Microsoft hopes that a 7-inch Surface tablet will help turn around its mobile fortunes, but the company has bigger problems than tablet form factors. Its entire mobile strategy has a fatal flaw: The company aligns Windows tablets and their apps to desktops and laptops rather than to smartphones. Unless that changes, Microsoft won't gain serious mobile traction.
The Wall Street Journal reports that Microsoft is at work on a 7-inch Surface tablet in order to compete with the iPad mini and small Android tablets such as the Google Nexus 7. That's certainly a smart move, but by itself won't turn around Microsoft's poor mobile showing.
A bigger problem than form factor is Microsoft's tablet-and-smartphone app strategy. Because Windows tablets run Windows 8 and Windows RT, apps written for Windows tablets won't run on Windows Phone devices, and apps written for Windows Phone devices won't run on Windows tablets. Making things worse is that apps written for Windows 8 tablets need to be tweaked to run on Windows RT, and vice versa.
That's the exact opposite of how things work with iOS and Android, where typically, apps written for phones also work for tablets, and vice versa. That makes plenty of sense, because both are mobile devices and used in similar ways, but in much different ways than traditional computers.
As Nancy Gohring points out in CITEWorld, this also means that there's a different Windows Store for tablets than for smartphones.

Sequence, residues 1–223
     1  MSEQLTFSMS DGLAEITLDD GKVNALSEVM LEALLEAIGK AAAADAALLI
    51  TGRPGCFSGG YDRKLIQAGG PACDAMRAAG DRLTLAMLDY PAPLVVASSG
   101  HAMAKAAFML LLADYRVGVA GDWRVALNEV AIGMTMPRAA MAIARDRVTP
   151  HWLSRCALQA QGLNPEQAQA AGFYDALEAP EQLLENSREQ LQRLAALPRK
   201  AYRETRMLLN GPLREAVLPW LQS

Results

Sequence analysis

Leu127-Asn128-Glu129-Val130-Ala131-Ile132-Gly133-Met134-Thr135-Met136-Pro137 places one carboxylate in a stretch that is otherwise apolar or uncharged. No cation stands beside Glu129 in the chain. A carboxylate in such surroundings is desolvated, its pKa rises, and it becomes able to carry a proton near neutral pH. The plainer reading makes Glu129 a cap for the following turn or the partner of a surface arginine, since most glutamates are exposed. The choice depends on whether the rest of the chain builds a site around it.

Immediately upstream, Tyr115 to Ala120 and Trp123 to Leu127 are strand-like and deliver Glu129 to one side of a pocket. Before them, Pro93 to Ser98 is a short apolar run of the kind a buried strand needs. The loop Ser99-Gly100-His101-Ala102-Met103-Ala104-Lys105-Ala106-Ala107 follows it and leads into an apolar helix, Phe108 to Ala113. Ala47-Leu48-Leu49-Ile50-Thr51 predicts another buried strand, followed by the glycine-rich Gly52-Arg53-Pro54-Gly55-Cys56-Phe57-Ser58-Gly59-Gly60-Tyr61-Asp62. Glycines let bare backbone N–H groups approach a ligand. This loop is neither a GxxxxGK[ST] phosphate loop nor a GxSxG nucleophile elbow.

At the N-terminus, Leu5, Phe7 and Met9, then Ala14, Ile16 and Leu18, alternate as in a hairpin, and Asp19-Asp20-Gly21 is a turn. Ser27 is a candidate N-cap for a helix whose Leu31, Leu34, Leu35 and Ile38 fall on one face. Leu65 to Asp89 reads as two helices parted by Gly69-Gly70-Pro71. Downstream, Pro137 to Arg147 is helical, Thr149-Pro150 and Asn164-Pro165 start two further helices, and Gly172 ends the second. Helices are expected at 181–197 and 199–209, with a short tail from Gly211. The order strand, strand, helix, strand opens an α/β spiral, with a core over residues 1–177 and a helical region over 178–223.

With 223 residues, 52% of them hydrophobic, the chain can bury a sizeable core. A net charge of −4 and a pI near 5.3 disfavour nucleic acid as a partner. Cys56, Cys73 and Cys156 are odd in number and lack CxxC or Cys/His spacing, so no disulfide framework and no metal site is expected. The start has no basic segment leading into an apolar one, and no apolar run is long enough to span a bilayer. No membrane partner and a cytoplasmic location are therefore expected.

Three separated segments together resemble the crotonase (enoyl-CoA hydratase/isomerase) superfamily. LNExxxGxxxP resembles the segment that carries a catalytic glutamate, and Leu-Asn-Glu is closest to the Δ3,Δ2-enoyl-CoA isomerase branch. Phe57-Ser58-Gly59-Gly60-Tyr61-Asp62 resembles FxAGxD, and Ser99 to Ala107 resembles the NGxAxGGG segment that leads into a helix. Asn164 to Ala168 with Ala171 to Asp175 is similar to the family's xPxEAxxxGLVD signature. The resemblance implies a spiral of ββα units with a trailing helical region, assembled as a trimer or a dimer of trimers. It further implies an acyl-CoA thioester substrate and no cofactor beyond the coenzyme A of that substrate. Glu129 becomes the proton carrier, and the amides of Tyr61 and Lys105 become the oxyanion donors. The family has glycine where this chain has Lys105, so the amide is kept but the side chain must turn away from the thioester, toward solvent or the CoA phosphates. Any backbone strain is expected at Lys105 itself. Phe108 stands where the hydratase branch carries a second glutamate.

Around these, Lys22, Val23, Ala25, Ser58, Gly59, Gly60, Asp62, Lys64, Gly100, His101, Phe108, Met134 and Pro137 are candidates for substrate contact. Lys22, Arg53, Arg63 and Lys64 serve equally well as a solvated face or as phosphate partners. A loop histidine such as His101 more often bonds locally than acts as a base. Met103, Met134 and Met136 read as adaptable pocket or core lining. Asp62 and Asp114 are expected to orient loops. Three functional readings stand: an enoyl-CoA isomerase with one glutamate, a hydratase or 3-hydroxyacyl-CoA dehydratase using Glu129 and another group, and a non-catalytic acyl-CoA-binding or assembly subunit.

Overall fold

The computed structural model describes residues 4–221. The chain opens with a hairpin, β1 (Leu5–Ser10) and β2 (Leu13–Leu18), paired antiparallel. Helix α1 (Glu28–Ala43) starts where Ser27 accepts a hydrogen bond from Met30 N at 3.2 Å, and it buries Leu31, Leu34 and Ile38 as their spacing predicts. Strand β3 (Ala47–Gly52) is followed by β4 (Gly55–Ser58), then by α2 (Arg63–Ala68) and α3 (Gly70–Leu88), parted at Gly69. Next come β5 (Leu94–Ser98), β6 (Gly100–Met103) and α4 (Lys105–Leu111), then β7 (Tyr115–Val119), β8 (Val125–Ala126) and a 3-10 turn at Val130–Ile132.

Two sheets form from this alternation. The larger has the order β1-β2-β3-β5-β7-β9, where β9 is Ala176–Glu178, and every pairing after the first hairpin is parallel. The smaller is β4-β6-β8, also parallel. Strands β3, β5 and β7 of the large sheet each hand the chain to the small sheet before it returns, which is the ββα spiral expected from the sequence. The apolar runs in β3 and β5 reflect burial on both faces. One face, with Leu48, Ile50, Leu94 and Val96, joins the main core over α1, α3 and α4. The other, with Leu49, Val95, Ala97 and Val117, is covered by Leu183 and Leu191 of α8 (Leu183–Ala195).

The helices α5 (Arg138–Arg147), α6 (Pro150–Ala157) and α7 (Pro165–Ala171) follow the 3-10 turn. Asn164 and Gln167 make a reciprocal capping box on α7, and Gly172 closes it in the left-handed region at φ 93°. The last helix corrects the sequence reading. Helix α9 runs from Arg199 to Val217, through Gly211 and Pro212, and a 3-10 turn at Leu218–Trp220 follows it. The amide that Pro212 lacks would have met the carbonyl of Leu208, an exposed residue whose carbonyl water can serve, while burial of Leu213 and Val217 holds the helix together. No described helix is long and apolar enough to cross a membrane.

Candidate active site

It's this simple: Apps sell tablets and phones, and over time people will likely want to own tablets and smartphones with the same OS so that they can share apps between them. But people can't do that with Windows tablets and Windows Phone devices, making it less likely that people will want to buy them.
This problem goes back to Microsoft's decision to design Windows 8 for touch-based tablets rather than for traditional computers, rather than designing one operating system for mobile devices, and another for traditional computers. Apple has succeeded quite well by having one OS for mobile devices and one for traditional computers; it's not clear why Microsoft didn't follow Apple's successful lead.
As IDC's latest numbers show, traditional PCs sales have plummeted, down 13.9% from a year previous, because consumers simply don't like Windows 8, and because they are increasingly buying tablets instead. Microsoft would be much better off tying tablets to smartphone rather than to traditional computers whose sales may never again pick up.
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